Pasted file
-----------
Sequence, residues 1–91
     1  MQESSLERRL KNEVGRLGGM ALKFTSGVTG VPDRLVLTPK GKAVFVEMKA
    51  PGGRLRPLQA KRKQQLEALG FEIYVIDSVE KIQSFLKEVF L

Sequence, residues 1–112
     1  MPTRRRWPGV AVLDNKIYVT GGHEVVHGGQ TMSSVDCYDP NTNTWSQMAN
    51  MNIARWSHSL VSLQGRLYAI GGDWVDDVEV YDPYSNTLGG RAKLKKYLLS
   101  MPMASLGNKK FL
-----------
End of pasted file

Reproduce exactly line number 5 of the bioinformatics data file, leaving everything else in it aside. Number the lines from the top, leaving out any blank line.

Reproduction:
     1  MPTRRRWPGV AVLDNKIYVT GGHEVVHGGQ TMSSVDCYDP NTNTWSQMAN